Then, I improved ISLMON bootstrapping - well, ISLMON was working, but with so many things unconfigured: vector table, stack (every function call was probably corrupting code or other data, it was quite a miracle that it worked...)... I also understood how the code and data TCM (Tightly Coupled Memory - see ARM docs) were used on this chip, and how the official firmware, while running from the "normal" memory (the one starting at 0x00020000) unpacked itself into the TCM, then using the "normal" memory for other purposes.
Jean Baptiste used the Virtera ARM simulator to get an unpacked official firmware to disassemble. Later, the decompression algorithm was found out by Denis and him, so that we can get rid of heavy ARM simulation using proprietary software (we tried free emulators, but none worked properly with the ARM9).
Disassembling the 2.4.3 USB firmware and looking at the firmware upload process of the USB version 1 devices (the registers acceeded through the memory window are registers that control the DMA engine ; they are used to write the firmware to the device's memory efficiently), he found out how to perform DMA transfers to and from the PCI bus.

With the help of Jean Baptiste, I found out how what I called the "event subsystem" worked. This system gathers all interrupt sources from the chip and allows the firmware to precisely select what event should be ignored, trigger an IRQ in the ARM or a FIQ (Fast Interrupt Query, a high-priority interrupt - see ARM docs). I was then able to rewrite my command-line interface "cleanly", ie. using asynchronous interrupt-driven transfers and not busy waiting on hardware registers.

At this time, ISLMON was renamed to FreeMAC (to make some fun of Conexant/Intersil's "FullMAC" and "SoftMAC"): as we found reverse engineering very interesting, we decided to launch the project of writing a fully fledged firmware.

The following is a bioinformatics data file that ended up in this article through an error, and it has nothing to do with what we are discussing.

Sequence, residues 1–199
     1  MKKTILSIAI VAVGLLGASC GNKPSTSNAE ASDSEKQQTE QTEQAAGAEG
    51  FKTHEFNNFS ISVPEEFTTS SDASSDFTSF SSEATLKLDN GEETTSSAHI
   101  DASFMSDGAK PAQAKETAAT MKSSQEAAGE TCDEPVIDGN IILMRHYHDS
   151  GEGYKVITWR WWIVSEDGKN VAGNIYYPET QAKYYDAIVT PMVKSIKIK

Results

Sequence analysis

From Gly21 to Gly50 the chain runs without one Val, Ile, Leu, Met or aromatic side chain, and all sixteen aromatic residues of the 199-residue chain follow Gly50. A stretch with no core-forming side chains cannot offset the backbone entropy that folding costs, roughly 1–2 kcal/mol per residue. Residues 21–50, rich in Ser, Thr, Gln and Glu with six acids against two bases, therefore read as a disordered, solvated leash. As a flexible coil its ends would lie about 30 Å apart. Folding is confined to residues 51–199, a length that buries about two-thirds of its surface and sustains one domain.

However, the big thing was missing : we completely lacked access to the radio. To reverse engineer it, I imagined a technique which consisted in emulating the firmware on a computer, but mapping unknown hardware registers and interrupts to the real hardware and logging what happened to them. To acheive this, the memory window was used and a special small firmware was uploaded into the device, which alerted the computer every time an interrupt was happening inside the device.
I implemented this using ARMulator from the GDB source, and it began to work. Emulating the 0.8.0 (FullMAC PCI !) firmware and mapping hardware registers to my Siemens Gigaset (SoftMAC USB !) I found out how to turn on the LED of my device, since this firmware was turning it on at startup.
But I gave up this technique. First, many ARM9 features are missing in ARMulator ; I implemented some but that's really a pain. Then, the radio timings would not be respected and in the PrismII I read that some are really critical. Finally, many features were using in-chip DMA, so the technique would also require synchronizing the emulator's memory with the device's - complicated and consuming USB/PCI bandwidth heavily. The technique did not have so many advantages over dead listing analysis, after all.

Looking closely at the two register writes needed to turn on the LED and experimenting with them, I guessed the chip had GPIO (General Purpose Input and Output) pins, and how to configure them. Analysing the disassembled firmware, Jean Baptiste found out the I2C EEPROM of the device was also connected directly to the GPIO pins, and to which ones. Later, I implemented in FreeMAC a software I2C bus protocol on these two GPIO pins, and was able to read the EEPROM.

Denis and I also figured out some information about the hardware cryptography accelerator of the chip, using in-chip DMA to encrypt any portion of the memory with no intervention of the ARM. We still lack many details (key and algorithm setup), but this is not a priority, we can do software encryption in the host for now.

Denis found out how to set up data transfers to and from the radio, but we don't know how to trigger them yet nor how to set up frequency, TX power, rate, modulation and preamble. We have some hints, however :)

The 3887's USB interface was another problem ; but thanks to Edis who rewrote the GW3887 ROM in C, we eventually managed to make it work.

If you want to help us, you're welcome :)